China’s booming coffee culture

Jonathan Wright
Jonathan Wright
Fidelity Personal Investing7 December 2017

Believe it or not, every 15 hours Starbucks opens a new store in China. In a country that boasts the world’s largest population, it should be no surprise that the company has just opened its largest store ever in Shanghai, a city which already has more Starbucks than any other on the planet - over 600 at the last count.

Roughly the same size as a supermarket, the 30,000 square foot ‘Roastery’ is the second Starbucks’ Roastery to open in the world and is twice the size of its flagship store in Seattle.

Based on Shanghai’s Nanjing Road, in the heart of the shopping district, the super-sized coffee shop looks more like a bar in a trendy, upmarket hotel. It can serve up to 7,000 customers per day and is open from 7am to 1am. It also serves beer, wine and spirits, making it a destination in itself for socialising in the evenings, as well as a place to grab a quick coffee on the way to work.

Since opening their first store in China in 1999 - at a time when coffee shops in the country were virtually non-existent - China has become the fastest growing market in the world for the company. As the US market matures, comparable-sales growth in China is outpacing that of the US. Last quarter, China posted an 8% increase, compared with a 3% gain in the US, excluding impacts from Hurricanes Harvey and Irma.

It’s easy to see why Starbucks is focusing on China for future growth. The latest figures from the International Coffee Organization suggest that total coffee consumption in China has been growing at an average annual rate of 16% over the past 10 years and market analysts predict this will continue. The potential for this historically-considered nation of tea drinkers is still enormous.

As China continues to focus on developing its domestic economy, the Chinese consumer will be a key focus for many Western brands. According to the Economist Intelligence Unit, China will become a middle-class society by 2030, based on income measures. Currently around 40% of the population is classified as low-income. By 2030 that figure is likely to drop to 11% and, around 75% of the 1.4 billion population will be considered middle-income.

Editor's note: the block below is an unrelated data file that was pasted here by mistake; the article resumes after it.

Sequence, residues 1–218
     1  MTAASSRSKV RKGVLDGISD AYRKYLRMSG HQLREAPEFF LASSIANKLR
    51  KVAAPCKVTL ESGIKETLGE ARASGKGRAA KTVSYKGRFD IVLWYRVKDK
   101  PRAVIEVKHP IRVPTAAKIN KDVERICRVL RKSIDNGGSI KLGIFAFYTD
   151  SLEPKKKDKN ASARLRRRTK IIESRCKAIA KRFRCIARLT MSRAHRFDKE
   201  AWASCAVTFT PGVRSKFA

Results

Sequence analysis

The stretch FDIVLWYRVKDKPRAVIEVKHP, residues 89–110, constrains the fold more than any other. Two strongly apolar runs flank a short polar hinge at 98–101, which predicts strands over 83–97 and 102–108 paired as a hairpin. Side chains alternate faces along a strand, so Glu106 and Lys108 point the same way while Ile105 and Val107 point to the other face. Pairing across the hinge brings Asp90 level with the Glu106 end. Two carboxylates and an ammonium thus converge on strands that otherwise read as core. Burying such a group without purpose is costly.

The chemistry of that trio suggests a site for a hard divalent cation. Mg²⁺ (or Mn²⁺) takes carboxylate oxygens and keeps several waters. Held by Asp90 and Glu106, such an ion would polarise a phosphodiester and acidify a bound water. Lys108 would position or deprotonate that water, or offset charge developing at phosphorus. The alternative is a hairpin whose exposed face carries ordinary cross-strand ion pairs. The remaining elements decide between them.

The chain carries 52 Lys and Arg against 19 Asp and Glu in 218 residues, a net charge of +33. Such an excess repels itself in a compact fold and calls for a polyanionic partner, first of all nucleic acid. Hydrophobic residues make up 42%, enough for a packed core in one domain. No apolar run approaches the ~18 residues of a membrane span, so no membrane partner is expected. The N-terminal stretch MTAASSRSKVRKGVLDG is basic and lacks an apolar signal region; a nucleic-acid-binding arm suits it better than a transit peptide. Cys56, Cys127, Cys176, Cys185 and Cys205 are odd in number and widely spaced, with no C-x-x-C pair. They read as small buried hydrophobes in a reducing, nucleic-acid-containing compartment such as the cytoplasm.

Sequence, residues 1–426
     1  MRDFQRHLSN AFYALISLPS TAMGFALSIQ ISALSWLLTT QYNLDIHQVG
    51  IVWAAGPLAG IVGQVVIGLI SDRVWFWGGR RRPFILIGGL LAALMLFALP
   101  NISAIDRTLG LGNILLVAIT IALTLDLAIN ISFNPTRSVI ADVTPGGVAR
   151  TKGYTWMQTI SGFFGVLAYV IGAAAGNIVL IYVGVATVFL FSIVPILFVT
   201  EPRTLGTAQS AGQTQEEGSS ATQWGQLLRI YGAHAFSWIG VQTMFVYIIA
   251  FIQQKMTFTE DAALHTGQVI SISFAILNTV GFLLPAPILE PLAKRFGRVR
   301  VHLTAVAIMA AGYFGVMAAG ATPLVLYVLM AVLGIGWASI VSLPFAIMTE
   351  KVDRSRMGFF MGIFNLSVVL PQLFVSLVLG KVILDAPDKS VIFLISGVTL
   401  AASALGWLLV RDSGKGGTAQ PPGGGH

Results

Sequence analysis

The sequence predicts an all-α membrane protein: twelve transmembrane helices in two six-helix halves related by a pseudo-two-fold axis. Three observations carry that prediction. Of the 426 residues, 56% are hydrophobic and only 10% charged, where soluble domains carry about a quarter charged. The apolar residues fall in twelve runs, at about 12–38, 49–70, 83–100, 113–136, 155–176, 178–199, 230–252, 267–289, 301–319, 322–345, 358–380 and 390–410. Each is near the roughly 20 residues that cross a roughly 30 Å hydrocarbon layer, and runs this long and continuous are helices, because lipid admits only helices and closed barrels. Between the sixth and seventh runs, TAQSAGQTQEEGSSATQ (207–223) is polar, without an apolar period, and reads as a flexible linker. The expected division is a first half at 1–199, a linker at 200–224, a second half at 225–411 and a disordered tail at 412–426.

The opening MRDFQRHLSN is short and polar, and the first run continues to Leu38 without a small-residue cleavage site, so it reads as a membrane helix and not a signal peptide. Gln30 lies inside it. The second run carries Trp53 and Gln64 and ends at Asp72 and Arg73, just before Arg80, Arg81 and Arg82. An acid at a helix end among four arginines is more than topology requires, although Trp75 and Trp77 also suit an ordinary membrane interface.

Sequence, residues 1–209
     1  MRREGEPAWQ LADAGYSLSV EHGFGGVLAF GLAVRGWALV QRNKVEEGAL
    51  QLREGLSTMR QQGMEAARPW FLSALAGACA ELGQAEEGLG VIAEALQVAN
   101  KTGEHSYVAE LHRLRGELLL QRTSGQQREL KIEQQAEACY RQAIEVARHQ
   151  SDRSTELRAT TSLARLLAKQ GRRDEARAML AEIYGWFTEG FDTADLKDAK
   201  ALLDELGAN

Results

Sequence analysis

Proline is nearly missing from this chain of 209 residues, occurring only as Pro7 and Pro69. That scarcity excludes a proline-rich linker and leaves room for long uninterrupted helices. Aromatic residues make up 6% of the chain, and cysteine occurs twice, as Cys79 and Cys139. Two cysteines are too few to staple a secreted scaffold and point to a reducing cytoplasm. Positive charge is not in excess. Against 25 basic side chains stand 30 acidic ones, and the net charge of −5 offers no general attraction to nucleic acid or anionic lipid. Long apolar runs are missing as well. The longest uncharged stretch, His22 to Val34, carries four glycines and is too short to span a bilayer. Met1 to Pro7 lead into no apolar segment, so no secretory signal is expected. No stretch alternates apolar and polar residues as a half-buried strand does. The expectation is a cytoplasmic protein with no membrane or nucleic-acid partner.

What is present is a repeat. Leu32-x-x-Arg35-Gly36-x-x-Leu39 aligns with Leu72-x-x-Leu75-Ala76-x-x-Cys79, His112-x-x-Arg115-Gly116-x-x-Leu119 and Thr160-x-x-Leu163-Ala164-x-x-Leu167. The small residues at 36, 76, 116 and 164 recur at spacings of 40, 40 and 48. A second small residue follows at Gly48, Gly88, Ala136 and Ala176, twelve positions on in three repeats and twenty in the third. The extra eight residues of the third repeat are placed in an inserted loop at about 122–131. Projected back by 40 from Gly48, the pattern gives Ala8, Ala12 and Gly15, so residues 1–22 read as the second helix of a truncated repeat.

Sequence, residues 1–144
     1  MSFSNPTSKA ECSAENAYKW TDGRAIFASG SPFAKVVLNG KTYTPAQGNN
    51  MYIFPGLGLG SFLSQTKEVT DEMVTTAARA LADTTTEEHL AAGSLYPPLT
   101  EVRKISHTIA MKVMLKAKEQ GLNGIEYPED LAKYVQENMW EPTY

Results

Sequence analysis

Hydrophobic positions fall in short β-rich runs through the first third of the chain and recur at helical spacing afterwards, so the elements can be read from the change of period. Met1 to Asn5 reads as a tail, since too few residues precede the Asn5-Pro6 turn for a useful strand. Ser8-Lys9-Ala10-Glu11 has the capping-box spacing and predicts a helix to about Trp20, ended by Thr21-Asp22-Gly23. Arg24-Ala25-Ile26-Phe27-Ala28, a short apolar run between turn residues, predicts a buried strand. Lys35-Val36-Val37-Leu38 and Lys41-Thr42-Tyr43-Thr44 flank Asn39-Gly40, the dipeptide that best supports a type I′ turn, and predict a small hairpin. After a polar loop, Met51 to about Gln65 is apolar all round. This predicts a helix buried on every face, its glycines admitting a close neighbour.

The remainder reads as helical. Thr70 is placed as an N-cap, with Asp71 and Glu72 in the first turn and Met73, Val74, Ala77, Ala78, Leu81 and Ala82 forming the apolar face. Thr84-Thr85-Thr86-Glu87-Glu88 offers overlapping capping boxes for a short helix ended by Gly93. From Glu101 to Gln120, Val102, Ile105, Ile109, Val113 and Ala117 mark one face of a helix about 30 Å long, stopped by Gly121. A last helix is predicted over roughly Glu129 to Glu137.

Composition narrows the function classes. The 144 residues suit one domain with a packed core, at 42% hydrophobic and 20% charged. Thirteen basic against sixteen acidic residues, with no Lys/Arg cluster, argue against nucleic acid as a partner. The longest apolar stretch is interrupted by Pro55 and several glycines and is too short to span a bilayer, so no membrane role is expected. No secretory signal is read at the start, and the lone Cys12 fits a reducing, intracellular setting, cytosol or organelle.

This growing middle-class is especially attractive for Western retailers with consumer-focused international brands. Luxury brands such as Burberry and LVMH have particularly benefited lately, helped further by the fact that China has a lack of well-known luxury brands of its own.

Despite being home to some of the world’s most innovative digital retailers such as Alibaba and JD.com, only 7% of Chinese luxury sales occur online according to McKinsey’s 2017 China Luxury Report. This represents further opportunity for Chinese e-commerce, already celebrating record sales of over $25bn generated in last month’s Singles Day shopping bonanza.

For investors, the growth in the Chinese consumer offers many opportunities. Investing in a fund that focuses on companies in the region is an easy way to access this potential. Our Select 50 range of recommended funds features a number of funds investing in China. The Fidelity Emerging Markets Fund and Old Mutual Asia Pacific Fund both include Alibaba in their top 10 holdings.


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